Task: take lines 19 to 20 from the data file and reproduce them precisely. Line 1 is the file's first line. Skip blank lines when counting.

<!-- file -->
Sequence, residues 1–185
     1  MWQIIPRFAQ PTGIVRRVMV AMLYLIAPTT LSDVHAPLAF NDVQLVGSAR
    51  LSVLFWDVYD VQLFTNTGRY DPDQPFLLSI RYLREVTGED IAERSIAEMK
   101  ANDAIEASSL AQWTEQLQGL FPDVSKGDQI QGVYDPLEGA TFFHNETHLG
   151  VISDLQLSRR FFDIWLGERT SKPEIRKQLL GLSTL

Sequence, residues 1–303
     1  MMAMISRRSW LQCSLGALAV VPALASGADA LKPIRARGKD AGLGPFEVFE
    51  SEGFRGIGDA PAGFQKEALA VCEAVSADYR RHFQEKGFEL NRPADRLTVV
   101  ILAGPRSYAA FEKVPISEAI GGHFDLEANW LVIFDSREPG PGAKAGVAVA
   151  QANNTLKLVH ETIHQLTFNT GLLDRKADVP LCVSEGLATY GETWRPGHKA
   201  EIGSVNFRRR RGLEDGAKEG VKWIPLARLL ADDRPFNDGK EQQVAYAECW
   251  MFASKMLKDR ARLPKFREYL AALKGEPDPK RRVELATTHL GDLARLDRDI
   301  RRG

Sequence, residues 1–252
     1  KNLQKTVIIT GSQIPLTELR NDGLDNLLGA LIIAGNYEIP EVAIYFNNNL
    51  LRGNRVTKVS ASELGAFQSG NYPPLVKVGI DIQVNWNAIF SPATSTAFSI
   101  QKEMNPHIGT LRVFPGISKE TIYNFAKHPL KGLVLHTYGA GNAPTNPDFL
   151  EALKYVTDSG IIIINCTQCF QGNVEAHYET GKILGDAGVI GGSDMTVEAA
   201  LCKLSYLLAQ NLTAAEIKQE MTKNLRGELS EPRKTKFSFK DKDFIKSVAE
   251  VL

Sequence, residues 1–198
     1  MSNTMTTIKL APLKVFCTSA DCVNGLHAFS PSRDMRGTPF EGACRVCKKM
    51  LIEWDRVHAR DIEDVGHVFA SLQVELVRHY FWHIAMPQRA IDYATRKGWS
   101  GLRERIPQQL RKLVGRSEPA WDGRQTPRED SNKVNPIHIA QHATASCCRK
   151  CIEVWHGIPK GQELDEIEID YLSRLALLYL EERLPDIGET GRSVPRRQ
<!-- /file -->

   201  LCKLSYLLAQ NLTAAEIKQE MTKNLRGELS EPRKTKFSFK DKDFIKSVAE
   251  VL